There’s no denying the fact that for a long period the Lumad peoples in the hinterlands were in a state of passivity or apparent apathy in the midst of the misfortunes that have befallen them as a forsaken segment of the Philippine body politic.
Author Archives: DON J. PAGUSARA
Let us continue to listen to the critical observations of Roland Simbulan in his book “The World Is My Classroom”. Latin America is one of the many countries he has visited as a student of world politics.
Verily, the lowland Filipinos have only replaced the foreign colonizers in colonizing the racial and blood brothers and sisters—the Lumads in the countryside.
Around a long-neck bottle of Emperador we gathered and happily exchanged holiday greetings and peered on each other’s radiant faces and exhibited our dirty-white teeth to one another and hummed or sang the jingle bells and silver bells the way we wanted our uneasy joy to manifest on this bright evening twodays before Christmas Day.
Reading Roland Simbulan’s book The World is a Classroom — and this time about Vietnam— I couldn’t help but breath a mute cry of deep, deep, deep admiration. My heart skipped and pumped into my eyes a teardrop.
A continuing discourse on Neoliberalism is needed in order to awaken all and sundry and address the perennial issue of poverty and underdevelopment that has plagued the Filipino nation for so long.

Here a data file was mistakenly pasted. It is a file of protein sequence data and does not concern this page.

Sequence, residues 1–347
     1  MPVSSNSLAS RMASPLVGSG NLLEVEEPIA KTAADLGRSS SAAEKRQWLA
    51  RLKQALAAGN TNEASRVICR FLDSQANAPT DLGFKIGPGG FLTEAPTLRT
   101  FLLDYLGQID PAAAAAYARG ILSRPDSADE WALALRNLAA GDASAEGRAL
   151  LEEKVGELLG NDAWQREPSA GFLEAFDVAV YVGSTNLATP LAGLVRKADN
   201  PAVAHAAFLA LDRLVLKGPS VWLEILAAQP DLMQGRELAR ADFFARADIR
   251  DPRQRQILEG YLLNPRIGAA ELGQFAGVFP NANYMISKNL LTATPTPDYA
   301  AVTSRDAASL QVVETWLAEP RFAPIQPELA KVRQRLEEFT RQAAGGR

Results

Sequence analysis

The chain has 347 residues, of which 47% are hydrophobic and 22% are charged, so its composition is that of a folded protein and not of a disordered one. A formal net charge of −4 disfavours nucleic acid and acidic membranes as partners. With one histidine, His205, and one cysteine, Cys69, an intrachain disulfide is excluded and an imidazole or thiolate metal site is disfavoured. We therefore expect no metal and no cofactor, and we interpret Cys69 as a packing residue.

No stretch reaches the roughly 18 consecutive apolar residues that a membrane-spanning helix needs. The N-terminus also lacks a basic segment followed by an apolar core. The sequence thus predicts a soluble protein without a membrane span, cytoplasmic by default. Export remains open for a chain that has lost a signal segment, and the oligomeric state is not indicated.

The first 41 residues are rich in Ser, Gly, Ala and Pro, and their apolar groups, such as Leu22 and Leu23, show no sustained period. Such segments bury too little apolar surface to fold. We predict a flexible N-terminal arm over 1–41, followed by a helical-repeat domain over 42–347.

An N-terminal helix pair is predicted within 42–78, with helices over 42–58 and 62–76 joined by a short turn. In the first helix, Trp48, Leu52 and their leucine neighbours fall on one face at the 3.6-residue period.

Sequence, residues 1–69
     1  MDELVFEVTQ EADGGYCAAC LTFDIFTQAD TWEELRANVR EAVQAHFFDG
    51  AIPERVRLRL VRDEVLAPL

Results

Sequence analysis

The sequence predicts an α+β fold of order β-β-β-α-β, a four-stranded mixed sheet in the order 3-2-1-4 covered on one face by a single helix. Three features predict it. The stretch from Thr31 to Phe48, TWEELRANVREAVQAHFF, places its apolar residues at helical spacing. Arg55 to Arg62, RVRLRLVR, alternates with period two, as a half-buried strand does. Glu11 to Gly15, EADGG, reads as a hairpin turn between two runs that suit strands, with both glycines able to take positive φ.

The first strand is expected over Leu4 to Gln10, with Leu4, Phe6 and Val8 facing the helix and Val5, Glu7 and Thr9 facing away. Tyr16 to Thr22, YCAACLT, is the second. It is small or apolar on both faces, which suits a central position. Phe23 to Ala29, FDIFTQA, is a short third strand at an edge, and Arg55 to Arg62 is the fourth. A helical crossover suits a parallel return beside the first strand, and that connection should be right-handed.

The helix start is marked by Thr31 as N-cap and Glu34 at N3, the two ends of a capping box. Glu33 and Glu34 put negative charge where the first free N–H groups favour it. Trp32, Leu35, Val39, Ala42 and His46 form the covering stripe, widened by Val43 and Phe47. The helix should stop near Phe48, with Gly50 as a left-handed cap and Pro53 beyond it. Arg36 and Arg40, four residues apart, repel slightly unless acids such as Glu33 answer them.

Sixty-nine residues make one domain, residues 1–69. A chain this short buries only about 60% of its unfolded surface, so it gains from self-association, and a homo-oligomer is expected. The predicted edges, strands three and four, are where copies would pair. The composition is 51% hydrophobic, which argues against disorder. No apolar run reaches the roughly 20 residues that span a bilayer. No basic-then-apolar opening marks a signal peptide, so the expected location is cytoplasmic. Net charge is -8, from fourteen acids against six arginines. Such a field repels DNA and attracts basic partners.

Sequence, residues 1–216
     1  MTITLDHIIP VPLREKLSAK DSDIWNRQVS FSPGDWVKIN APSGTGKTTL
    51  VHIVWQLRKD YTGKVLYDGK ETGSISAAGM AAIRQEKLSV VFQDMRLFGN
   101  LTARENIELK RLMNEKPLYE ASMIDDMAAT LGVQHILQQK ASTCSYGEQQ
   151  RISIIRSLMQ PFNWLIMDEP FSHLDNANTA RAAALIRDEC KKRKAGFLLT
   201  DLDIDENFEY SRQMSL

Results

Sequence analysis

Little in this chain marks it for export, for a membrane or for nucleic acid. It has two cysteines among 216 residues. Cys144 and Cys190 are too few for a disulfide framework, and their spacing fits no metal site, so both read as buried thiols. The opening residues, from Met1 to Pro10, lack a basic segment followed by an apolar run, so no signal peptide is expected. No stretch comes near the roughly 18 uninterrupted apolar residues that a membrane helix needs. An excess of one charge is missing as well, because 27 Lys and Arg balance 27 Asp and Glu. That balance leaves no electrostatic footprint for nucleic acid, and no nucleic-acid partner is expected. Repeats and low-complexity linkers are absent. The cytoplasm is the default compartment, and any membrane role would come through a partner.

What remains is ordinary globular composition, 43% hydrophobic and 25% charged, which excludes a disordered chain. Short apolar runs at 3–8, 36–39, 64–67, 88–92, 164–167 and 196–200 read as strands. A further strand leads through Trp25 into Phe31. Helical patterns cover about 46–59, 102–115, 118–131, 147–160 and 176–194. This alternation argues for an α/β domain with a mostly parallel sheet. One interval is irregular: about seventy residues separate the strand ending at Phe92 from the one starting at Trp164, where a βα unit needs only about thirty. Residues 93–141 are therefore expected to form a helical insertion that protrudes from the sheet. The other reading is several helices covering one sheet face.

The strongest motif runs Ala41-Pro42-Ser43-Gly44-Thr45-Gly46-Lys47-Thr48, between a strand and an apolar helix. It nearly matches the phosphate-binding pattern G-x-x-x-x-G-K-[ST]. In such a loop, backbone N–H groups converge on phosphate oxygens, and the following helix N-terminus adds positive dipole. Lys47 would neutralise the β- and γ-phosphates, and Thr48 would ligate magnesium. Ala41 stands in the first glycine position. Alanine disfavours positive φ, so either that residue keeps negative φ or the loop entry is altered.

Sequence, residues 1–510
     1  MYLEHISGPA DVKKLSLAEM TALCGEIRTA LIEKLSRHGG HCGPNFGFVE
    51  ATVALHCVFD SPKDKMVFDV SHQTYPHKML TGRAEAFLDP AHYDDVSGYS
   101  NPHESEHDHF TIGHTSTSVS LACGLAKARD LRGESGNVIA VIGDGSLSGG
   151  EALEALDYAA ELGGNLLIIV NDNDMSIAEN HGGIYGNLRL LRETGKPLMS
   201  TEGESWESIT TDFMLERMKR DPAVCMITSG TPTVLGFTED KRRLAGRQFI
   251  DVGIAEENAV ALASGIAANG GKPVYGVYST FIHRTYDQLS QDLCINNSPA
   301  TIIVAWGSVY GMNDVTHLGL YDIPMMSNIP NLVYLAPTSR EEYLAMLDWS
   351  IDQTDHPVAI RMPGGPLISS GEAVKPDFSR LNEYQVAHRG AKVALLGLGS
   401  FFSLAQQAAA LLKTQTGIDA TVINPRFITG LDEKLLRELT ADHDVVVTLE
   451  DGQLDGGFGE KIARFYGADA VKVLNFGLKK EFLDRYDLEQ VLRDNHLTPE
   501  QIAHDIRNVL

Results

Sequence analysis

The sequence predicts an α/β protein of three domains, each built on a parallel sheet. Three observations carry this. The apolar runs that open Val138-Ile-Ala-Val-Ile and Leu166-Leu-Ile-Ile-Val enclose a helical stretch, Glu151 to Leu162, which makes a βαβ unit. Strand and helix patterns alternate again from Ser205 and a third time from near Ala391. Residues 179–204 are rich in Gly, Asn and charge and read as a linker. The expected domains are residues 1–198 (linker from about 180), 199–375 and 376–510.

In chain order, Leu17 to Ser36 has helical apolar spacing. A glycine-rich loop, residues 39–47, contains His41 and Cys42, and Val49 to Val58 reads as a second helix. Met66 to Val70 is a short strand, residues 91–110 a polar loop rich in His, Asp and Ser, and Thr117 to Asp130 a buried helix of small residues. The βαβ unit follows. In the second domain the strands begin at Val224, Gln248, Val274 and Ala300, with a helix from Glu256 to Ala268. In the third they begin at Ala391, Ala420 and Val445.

In Mindanao, especially in its southern regions, more than 29 battalions of the AFP’s forces are being deployed in the name of counter-insurgency, but ostensibly they serve as the “Sekyu” (security force) of the big foreign companies that are conducting large-scale mining activities operating in these mineral-rich areas.
Neoliberalism, as a capitalist doctrine, was formulated in order to provide a basis for the economic development of society.
One day he asked me, having developed a kind of deference to my educational attainment as a college dropout and was therefore a kind of leader among us ’all equals’ in the barkada hierarchy:
There is no hope that President Noynoy Aquino can redeem himself. He has sunk deep into a state of addiction much more serious than the prevalent drug addiction.